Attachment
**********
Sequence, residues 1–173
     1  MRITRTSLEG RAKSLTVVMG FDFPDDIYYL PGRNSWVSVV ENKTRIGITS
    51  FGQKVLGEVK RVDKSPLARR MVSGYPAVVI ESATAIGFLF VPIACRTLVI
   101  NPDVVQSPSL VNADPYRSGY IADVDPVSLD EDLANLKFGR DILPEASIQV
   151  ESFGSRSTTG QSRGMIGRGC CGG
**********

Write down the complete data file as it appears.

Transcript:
Sequence, residues 1–173
     1  MRITRTSLEG RAKSLTVVMG FDFPDDIYYL PGRNSWVSVV ENKTRIGITS
    51  FGQKVLGEVK RVDKSPLARR MVSGYPAVVI ESATAIGFLF VPIACRTLVI
   101  NPDVVQSPSL VNADPYRSGY IADVDPVSLD EDLANLKFGR DILPEASIQV
   151  ESFGSRSTTG QSRGMIGRGC CGG